Microsoft has announced that Bing Maps is receiving a new feature known as Map Builder. This is a community-driven service that sources contributors to add to map data. The company points out that all data it takes through Map Builder will be given to OpenStreetMap.
If you’re unfamiliar with OpenStreetMap, it is a free map of the world that is open source. It can be publicly edited and is a community project. Major mapping companies leverage OpenStreetMap data, including Microsoft Bing Maps.
Microsoft says it has built the new Map Builder service on iD, an open source project. Any edits users make must come from on the ground-surveying, personal knowledge, or aerial/street level imagery. The company points out that users are not permitted to take data from commercial map sources such as Google Maps.
Users who want to become contributors on Map Builder can head to https://www.bing.com/mapbuilder/, where there objects that are ready for mapping, such as roads, buildings, bodies of water, and more.
Map Builder is only available for Bing Maps for the web on desktop. It is rolling out in Australia, the Middle East, Africa, and South America.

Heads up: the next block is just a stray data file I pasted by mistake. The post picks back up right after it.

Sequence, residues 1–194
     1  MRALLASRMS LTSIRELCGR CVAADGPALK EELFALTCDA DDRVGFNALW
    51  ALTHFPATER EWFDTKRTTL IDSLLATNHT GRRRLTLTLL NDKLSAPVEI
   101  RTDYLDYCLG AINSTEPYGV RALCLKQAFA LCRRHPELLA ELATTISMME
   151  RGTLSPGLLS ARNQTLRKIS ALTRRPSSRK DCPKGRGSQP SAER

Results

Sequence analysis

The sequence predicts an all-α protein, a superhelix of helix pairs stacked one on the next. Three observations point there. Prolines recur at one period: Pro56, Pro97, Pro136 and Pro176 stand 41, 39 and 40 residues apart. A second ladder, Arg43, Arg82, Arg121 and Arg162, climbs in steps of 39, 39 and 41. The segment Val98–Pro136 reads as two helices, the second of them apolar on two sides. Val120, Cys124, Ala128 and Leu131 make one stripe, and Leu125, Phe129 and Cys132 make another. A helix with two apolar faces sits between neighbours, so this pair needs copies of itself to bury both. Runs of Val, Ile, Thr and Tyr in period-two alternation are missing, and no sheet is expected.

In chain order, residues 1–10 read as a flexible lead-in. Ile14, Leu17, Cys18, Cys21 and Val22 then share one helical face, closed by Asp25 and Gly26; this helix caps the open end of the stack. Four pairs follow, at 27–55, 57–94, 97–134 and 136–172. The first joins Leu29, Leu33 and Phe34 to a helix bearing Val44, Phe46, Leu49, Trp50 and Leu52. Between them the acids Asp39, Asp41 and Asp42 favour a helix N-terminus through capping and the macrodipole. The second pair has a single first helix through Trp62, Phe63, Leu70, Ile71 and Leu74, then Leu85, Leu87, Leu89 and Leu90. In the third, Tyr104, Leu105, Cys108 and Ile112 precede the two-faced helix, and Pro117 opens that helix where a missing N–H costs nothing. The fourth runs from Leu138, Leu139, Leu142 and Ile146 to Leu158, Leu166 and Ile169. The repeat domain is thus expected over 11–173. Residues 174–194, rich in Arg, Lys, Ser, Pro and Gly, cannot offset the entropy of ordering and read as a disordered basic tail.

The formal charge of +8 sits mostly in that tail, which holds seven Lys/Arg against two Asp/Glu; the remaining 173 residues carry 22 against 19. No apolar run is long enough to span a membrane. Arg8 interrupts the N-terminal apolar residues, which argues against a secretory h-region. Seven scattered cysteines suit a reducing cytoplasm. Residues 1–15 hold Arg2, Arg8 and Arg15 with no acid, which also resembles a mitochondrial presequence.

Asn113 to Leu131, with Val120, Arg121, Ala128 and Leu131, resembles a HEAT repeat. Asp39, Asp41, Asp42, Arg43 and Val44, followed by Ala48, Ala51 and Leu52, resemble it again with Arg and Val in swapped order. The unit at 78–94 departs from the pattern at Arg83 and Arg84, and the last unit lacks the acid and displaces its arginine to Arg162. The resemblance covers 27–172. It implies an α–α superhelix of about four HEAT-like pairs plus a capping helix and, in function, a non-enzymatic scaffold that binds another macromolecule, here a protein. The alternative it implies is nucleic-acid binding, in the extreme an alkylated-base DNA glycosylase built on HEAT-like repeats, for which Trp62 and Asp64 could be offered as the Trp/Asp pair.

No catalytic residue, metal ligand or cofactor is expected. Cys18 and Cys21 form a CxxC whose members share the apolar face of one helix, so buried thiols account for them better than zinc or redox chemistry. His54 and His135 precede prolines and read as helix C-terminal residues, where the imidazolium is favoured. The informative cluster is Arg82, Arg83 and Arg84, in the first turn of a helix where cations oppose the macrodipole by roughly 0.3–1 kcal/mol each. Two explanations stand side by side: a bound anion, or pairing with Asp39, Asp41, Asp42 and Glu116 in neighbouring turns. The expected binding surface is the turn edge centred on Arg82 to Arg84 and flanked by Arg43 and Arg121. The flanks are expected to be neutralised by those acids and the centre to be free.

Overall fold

Of course, no mention of Bing these days would be complete without discussing Microsoft’s AI binge in recent months. The company launched Bing chat last month, an AI search engine that uses OpenAI’s ChatGPT technology within its Prometheus engine.
While Bing Chat does not yet play a crucial role in Bing Maps just yet. However, it seems a certainty that Microsoft will be finding ways to fold AI into all parts of the search platform.
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The Take Ownership context menu will set the currently active user as the owner of the files, though they must also be an administrator. They can then enter the folder or modify the file as they usually would.